Cultural Comment: Monitor: The range of tributes to the late Poet Laureate Ted Hughes - as seen by the newspapers

Sunday 23 October 2011 07:36

NOT ONLY did this imposing, craggily handsome Yorkshireman look the part - more so than any Laureate since Tennyson - but he used the post to continue on a more public stage his campaign for the imagination and against what he saw as our despiritualised and disembodied civilisation. Hughes's concern with the environment puts him in the mainstream of much modern thought. His belief that the women's movement reflected the unleashing of primeval forces was a little more eccentric, though. But raising one's eyebrows at the wider reaches of his thought seems as irrelevant as noting his archaic and ardent royalism. These things were as necessary to his imagination as the spirit-world was to Yeats, and his best work rises free of them.


THERE'S ALWAYS a problem being a poet in unpoetic times, but Ted had a very deep rooted sense of where his poetry came from - and it was quite unlike a lot of other contemporary poetry which seems to be about incidents and personal relationships - and that's why he will have this survival value.

-Malcolm Bradbury, Guardian

LAUREATE POEMS were never his forte, but it was a chore which he dutifully carried out. He much preferred to send private poems, not for publication, to the Queen Mother, with whom he often stayed in Scotland and shared a passion for fishing, and also to other members of the Royal family. This reticence was typical of Hughes, always preferring to perform in a private and modest manner. "The whisper is louder than the shout", he would tell friends when asked if he would like to comment on his work. He preferred to let it stand on its own.


YESTERDAY THE Queen paid her tribute to his genius. Buckingham Palace said she was "very saddened" and in touch with his family. She was grateful for the opportunity to recognise his achievements before he died through the Order of Merit - an exceptional distinction limited to 24 living recipients. Tony Blair described him as a "towering figure" in 20th century literature.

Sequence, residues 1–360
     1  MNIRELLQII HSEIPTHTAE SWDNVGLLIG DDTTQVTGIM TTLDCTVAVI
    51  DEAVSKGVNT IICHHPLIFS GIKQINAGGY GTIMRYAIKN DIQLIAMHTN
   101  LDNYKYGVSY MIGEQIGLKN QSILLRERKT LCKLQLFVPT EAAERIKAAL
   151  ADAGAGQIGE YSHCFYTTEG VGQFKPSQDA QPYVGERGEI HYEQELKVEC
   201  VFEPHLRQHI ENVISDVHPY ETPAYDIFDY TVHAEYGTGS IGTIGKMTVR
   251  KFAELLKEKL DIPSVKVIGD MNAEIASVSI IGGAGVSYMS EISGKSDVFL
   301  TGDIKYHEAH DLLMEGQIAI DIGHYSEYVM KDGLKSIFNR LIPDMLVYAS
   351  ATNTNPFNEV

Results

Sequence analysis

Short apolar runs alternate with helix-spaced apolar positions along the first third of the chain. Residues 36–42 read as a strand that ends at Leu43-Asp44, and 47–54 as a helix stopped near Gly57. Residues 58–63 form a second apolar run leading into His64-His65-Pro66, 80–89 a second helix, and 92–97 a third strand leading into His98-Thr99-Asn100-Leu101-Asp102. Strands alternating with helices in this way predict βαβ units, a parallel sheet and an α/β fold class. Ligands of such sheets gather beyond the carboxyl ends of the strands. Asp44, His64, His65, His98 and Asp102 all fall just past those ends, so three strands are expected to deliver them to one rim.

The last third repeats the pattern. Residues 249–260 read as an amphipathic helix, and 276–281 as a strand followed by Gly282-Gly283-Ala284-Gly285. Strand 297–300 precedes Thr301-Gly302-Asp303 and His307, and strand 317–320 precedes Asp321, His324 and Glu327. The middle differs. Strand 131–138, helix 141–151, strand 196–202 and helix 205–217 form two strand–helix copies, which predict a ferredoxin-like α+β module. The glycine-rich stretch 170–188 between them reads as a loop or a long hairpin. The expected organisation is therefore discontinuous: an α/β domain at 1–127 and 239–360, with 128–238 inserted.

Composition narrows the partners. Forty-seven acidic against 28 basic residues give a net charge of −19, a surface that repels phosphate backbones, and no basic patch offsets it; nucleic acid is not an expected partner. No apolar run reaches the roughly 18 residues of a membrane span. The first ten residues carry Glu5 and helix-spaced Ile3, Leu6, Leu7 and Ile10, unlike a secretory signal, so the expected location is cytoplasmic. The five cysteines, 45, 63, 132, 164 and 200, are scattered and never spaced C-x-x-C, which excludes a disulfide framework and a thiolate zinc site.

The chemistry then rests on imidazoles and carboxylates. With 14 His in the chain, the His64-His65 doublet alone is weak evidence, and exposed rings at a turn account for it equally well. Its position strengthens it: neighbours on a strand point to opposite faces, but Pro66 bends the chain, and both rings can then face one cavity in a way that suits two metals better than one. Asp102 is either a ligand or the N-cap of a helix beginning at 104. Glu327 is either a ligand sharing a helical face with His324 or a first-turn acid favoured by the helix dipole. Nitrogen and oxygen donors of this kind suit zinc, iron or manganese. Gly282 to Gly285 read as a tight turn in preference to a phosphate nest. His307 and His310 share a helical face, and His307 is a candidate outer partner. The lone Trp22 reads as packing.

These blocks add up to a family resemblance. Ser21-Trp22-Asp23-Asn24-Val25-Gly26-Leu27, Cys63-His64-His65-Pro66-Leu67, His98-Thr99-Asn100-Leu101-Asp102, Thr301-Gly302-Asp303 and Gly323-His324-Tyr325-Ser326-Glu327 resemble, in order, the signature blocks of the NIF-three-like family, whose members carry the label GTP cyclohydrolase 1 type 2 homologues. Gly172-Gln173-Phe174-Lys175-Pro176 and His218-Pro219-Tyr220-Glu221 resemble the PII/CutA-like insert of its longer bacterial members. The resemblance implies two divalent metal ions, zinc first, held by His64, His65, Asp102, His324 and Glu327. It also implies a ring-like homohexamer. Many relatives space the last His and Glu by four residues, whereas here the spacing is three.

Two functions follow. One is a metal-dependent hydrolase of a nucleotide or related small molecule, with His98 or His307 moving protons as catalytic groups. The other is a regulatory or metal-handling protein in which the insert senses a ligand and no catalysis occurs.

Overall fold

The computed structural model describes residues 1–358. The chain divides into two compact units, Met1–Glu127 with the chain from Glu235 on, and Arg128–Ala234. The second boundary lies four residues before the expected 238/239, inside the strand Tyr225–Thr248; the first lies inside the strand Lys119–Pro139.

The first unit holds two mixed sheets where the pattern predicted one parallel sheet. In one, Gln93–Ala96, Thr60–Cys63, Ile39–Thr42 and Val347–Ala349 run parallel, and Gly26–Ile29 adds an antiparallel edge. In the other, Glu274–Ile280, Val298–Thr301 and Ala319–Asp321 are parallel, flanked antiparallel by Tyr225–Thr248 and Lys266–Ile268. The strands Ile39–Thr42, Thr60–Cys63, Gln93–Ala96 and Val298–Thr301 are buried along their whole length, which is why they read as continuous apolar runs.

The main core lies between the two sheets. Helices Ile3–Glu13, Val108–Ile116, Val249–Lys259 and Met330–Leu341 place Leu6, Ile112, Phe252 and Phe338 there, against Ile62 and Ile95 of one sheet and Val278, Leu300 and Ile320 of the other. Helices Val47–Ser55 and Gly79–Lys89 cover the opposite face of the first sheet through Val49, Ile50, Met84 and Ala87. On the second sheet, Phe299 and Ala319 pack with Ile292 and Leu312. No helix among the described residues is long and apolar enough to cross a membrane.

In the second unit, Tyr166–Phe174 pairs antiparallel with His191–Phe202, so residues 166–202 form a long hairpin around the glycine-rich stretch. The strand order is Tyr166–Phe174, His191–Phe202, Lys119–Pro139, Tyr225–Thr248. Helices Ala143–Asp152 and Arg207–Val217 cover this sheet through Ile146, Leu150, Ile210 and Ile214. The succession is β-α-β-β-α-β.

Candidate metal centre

TO A GENERATION of women he was a mythological ogre. They have never been able to forget the awful suicide of his first wife, the poet Sylvia Plath, in 1963, a tragedy made more painful by the clinical way in which she planned her death.

She left bread and milk in the cots of her two sleeping babies in case they awoke, then went downstairs and gassed himself... If ever the dead haunted the living, Sylvia's ghost hovered over the career of her husband. With his brooding male chauvinism, his philandering and the way he put the demands of his own writing first, he became the token villain, the representative of all men who tried to hold back the pre-feminist generation of women.

-Daily Mail

POET TED is dead.


TED HUGHES was throughout his adult life a private man, firm, shy, quietly - and occasionally boisterously - humorous in company, amiable but withdrawn. He was physically impressive, tall, broad-shouldered, with a massive head, nose and chin and with a deep voice that never lost its deliberate West Riding vowels. He was a most distinctive reader of his own poems, when he could be persuaded to read them: gently, modestly introducing them, he might then plunge into the horrors of the Crow poems, on occasion causing some in the audience to faint.

-Daily Telegraph

BRITAIN'S TOP poet for fourteen years.

-Daily Star

Lightning and stone and

wild winds

And rough earth things and

elemental spells

Were his elements. He had more

Than a touch of Prospero as a


He was the rough Merlin of our age.

-Ben Okri, Guardian

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